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Thukten Zangpo

External debt servicing could cost Bhutan Nu 9.34 billion (B) in the fiscal year 2022-23, according to the finance ministry. This is including principal and interest repayment.

What this means is that the country’s debt servicing would increase by Nu 128.67 million (M) from 2021-22 fiscal year.

The debt service ratio is the ratio of debt service payments, principal, and interest of a country to that of its export earnings. This means that the lower the ratio, the healthier the economy because the low ratio is derived from the expansion of export earnings or less amount of loan repayment.

External debt service for exports of goods and services or debt service ratio was projected to decrease to 14.3 percent in the current fiscal year from the previous fiscal year’s 15.1 percent with expected growth of export of goods and services at Nu 65.41B from Nu 61.21B.

The debt service ratio of 14.3 percent is lower than the annual external debt service ratio of 25 percent set by the public debt policy. The ratio was 11.5 percent in 2020-21.



Bhutan’s domestic revenue is projected at Nu 41.28B in the current fiscal year, up by over 5 percent compared to the previous fiscal year.

As of June this year, the total external debt was Nu 229.52B, an increase of 3.3 percent or equivalent to Nu 7.4B from March this year because of the disbursement under programme borrowings from World Bank, Japan International Cooperation Agency (JICA), and hydropower loans.

Similarly, domestic debt was Nu 28.06B, an increase of 9.7 percent or Nu 2.49B from March this year. The domestic debt increased because of the new issuance of government bonds for deficit-financing.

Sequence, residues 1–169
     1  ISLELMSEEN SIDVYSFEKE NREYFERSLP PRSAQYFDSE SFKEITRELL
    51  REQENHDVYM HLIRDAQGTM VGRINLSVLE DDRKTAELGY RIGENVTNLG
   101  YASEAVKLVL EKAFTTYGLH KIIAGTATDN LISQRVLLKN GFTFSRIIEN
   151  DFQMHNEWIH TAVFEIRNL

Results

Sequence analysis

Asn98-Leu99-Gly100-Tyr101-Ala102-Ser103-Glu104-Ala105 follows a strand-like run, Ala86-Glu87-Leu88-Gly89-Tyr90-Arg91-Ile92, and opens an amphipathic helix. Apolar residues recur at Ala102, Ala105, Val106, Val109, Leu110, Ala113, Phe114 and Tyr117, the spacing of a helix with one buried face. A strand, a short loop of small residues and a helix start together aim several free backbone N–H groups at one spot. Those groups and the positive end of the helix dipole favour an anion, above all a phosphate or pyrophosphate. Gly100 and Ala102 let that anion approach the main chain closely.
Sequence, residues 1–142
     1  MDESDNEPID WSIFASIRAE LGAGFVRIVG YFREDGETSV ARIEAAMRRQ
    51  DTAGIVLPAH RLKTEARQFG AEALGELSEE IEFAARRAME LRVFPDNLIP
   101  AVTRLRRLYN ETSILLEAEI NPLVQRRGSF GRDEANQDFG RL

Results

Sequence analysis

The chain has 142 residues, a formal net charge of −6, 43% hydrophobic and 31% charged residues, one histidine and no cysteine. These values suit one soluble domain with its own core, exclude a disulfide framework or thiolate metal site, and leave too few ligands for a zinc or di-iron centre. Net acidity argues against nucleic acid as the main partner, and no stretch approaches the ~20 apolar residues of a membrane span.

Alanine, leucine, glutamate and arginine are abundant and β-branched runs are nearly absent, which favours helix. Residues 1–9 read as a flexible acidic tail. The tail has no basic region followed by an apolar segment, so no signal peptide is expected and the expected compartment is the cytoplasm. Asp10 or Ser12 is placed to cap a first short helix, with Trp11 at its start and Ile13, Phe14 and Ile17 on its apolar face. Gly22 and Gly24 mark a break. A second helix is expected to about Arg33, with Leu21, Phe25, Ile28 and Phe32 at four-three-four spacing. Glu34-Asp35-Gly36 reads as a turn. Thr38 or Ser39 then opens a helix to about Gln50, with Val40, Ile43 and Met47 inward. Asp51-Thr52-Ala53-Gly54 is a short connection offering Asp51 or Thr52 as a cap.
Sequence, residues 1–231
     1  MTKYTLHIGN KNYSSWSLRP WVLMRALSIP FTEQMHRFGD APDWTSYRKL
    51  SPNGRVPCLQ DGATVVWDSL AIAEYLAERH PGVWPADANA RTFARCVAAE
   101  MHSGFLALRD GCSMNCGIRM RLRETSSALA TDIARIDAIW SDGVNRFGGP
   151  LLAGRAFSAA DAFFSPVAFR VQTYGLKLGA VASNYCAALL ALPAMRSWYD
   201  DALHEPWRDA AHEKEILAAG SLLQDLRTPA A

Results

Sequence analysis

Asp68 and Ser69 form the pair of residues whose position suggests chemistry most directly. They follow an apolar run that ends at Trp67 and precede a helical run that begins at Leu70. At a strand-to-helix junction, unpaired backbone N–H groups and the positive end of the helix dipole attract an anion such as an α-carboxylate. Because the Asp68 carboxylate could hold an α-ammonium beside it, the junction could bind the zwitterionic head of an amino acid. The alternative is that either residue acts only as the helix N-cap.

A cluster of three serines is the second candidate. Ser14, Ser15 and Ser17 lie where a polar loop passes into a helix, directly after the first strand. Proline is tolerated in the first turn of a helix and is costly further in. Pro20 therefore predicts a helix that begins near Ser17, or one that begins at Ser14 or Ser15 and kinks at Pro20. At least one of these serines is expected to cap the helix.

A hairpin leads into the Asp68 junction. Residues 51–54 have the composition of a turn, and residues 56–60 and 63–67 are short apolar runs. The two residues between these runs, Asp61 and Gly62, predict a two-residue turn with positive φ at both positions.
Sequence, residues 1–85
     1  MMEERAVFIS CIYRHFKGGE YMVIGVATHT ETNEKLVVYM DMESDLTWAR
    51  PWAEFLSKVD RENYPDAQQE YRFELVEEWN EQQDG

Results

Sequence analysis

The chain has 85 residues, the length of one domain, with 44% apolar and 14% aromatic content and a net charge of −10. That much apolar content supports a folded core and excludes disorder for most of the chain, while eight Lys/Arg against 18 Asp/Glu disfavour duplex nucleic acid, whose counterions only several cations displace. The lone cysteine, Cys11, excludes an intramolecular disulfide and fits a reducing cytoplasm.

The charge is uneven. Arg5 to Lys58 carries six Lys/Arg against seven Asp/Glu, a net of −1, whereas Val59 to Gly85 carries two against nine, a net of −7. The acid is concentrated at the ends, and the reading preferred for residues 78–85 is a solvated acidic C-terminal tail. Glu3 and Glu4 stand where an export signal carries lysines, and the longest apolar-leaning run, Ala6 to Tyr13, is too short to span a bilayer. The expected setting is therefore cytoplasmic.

So an increase in both external and domestic debt pushed the national debt to Nu 257.58B, accounting for 133.6 percent of the fiscal year 2021-22’s gross domestic product (GDP) estimate of Nu 192.82B. It saw an increase by Nu 9.9B.



The hydropower debt was reported at Nu 163.04B, 71 percent of the total external debt. The hydro-debt comprised the debt stock of six hydropower projects of Mangdechhu hydro-project authority, Puna-I, Puna-II, Nikachhu, Dagachhu, and Bashochhu.

Non-hydro debt stood at Nu 66.48B, which is 29 percent of the total external debt and 34.5 percent of the estimated GDP.

According to the ministry, the non-hydro debt to GDP ratio of 34.5 percent is within the 35 percent prescribed by the Public Debt Policy 2016.

Indian Rupee (INR) debt accounted for 67.7 percent of total external debt, of which 95.5 percent was hydropower debt at Nu 148.4B. The INR denominated debt, in June this year, increased marginally by INR 439.51M from March owing to disbursement for Puna-I.

At the same time, convertible currency debt (CC) stock stood at USD 937.65M, equivalent to Nu 74.12B, which accounts for 32.3 percent of the total external debt. The Ngultrum value of CC debt stock increased by Nu 6.86B from the total CC debt stock of Nu 67.2B (USD 884.19M) in March this year. The increase was mainly because of budgetary support loan disbursement from the World Bank and JICA and ongoing project loan disbursement.

Despite the rise in the national debt, the finance ministry said that the overall risk is manageable. External debt distress is considered moderate providing 91.5 percent of the debt is denominated in INR with no exchange rate risks.



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